JCPS, Fort Knox civilian employees among sequester impact - News, Weather & Sports

JCPS, Fort Knox civilian employees among sequester impact

LOUISVILLE, KY (WAVE) - Sequester has been in effect for more than a week and while life hasn't come to a halt, funding for classrooms, airports and military bases may be on the line.

Approximately $85 billion in automatic spending cuts is underway as entities receiving government money cope with the loss.

As President Barack Obama and U.S. Senators debate a solution, Rep. John Yarmuth offered insight into the impact sequestration will have here.

Automatic government spending cuts could strip money from JCPS programs and cause layoffs at Fort Knox. "With 5,000 civilian employees at Fort Knox, we can expect to see a very significant impact on terms of layoffs and furloughs," Rep. Yarmuth said.

Most of the military's civilian work force will be the first to feel the effects of sequester, according to the Department of Defense. Some workers will have to take an unpaid day off per week from April to October 1 in order to save $5 billion.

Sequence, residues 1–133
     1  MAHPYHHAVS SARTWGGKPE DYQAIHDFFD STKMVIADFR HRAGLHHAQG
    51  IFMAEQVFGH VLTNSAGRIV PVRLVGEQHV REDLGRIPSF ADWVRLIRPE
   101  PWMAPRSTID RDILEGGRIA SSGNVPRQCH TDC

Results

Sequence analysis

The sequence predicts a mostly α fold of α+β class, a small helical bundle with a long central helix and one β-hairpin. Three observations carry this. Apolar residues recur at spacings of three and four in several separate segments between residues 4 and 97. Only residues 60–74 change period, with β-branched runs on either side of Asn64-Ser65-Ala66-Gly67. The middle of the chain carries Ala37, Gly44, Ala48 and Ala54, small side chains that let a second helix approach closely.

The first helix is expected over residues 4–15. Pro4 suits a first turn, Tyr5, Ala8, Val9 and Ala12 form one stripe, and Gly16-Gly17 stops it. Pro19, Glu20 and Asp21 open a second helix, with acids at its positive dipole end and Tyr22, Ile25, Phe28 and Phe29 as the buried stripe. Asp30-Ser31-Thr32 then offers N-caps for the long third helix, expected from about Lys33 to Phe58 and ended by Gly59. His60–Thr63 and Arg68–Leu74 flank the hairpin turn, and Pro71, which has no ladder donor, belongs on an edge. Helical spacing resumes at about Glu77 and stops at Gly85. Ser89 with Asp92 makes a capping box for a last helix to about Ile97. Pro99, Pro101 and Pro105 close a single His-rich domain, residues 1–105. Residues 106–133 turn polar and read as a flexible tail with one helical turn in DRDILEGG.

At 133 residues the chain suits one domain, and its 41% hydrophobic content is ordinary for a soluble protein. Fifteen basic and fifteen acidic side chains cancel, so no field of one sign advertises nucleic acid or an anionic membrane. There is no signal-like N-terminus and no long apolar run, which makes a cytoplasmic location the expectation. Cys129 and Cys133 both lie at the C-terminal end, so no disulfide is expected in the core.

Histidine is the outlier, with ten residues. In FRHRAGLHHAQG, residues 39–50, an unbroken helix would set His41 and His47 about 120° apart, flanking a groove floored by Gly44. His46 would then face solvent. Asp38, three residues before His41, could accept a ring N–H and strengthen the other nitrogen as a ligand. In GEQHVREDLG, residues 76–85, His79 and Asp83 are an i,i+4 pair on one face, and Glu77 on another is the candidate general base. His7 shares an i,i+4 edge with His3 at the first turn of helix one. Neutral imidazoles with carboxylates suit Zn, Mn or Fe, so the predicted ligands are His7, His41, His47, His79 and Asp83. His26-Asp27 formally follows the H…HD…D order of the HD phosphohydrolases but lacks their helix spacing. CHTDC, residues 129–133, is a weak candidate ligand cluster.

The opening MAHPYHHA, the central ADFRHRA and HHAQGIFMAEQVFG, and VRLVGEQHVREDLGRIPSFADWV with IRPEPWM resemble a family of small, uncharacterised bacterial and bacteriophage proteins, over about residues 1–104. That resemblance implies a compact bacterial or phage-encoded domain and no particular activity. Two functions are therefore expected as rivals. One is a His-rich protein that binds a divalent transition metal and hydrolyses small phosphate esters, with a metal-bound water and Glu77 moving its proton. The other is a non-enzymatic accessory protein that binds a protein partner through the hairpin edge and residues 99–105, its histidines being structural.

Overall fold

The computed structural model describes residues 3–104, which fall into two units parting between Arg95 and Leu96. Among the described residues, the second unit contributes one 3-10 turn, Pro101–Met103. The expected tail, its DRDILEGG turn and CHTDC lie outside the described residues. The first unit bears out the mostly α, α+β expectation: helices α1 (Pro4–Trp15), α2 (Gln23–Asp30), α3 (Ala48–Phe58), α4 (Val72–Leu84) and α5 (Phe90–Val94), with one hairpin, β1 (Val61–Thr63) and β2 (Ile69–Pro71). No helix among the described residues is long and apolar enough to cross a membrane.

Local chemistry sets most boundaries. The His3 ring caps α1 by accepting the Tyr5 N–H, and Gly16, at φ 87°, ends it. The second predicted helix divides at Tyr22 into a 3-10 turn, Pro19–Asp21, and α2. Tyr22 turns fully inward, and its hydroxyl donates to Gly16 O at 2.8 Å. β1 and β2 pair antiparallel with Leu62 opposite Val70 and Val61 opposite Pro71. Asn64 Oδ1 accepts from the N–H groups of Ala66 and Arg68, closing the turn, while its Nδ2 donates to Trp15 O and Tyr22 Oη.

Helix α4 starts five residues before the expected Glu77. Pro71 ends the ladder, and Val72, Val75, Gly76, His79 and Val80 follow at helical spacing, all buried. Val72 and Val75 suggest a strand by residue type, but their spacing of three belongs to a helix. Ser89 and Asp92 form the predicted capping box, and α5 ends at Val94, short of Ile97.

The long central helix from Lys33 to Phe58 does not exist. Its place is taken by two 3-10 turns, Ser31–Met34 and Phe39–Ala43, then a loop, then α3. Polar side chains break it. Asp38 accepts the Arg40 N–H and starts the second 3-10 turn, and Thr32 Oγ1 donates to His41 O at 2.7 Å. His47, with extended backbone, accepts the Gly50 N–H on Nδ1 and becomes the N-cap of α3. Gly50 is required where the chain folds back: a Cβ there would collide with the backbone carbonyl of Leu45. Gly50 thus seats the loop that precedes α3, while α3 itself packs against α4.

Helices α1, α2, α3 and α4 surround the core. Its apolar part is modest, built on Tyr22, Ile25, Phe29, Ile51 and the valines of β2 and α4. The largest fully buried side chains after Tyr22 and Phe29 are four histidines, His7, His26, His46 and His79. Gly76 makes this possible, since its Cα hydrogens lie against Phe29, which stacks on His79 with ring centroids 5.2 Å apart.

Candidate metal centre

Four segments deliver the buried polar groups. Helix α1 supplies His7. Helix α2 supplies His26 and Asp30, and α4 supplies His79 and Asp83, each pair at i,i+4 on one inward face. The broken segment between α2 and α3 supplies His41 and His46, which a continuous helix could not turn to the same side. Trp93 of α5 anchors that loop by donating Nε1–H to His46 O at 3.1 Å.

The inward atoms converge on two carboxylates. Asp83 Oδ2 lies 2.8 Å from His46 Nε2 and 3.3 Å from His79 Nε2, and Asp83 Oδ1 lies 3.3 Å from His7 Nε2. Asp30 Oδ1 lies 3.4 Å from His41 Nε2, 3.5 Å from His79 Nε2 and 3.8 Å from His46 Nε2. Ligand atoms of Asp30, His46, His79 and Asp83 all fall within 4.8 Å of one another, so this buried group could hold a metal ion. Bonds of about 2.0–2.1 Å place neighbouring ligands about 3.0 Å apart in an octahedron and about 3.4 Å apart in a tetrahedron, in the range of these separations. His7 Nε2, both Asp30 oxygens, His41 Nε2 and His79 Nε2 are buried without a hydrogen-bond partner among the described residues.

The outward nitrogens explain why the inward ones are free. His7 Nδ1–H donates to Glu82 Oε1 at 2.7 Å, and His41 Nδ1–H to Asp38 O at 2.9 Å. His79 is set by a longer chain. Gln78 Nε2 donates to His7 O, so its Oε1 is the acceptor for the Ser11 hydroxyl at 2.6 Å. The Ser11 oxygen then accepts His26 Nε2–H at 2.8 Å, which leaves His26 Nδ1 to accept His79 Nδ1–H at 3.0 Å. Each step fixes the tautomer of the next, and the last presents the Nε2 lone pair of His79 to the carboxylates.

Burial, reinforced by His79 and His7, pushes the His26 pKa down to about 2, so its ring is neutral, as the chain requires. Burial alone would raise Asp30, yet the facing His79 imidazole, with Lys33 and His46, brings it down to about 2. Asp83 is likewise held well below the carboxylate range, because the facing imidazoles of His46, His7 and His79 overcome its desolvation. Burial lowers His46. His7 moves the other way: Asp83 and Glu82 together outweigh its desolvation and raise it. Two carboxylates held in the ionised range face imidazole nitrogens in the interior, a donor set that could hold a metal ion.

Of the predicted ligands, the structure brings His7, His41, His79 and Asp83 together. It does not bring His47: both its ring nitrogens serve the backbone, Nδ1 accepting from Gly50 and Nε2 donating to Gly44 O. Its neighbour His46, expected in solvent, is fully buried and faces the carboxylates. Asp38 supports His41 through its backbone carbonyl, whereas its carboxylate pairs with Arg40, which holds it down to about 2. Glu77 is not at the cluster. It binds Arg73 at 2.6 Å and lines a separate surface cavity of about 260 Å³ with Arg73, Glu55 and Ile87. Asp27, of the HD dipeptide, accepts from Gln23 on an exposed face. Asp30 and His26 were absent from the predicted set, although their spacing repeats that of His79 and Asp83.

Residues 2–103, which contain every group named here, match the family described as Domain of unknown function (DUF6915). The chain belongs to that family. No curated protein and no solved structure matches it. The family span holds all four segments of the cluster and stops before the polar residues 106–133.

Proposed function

In preparation for the cuts, many agencies and school systems devised ways to delay as long as possible any actions necessitated by the halt in funding. "Many of the programs are being cut by 10% and principals in Jefferson County have already been informed they're going to lose special education money," Rep. Yarmuth said.

State education personnel estimated 1,100 children will be taken off Head Start. Yarmuth also identified the Perkins Grant Program, geared toward supplemental activities in school, as another impact of sequestration. "That's being cut by a $100,000 statewide," he said.

President Obama on Saturday called on Republicans and Democrats to resolve the sequester gridlock so the U.S. economy can continue to create jobs. The Associated Press reported Obama urged politicians from both sides of the aisle to compromise on the sequester, as the budget cuts are called, so the country can focus on nurturing a "rising, thriving middle class."

"At a time when our businesses are gaining a little more traction, the last thing we should do is allow Washington politics to get in the way," Obama said in his weekly speech.

Recently, Sen. Mitch McConnell struck a different tone calling the cuts "modest."

"We have a $16 trillion national debt," he said. "Our debt is as big as our economy. That alone makes us look like a Western European country... I think the American people know we have a spending addiction in Washington."

President Obama recently invited key U.S. Senators to a private dinner as lawmakers work on a compromise.

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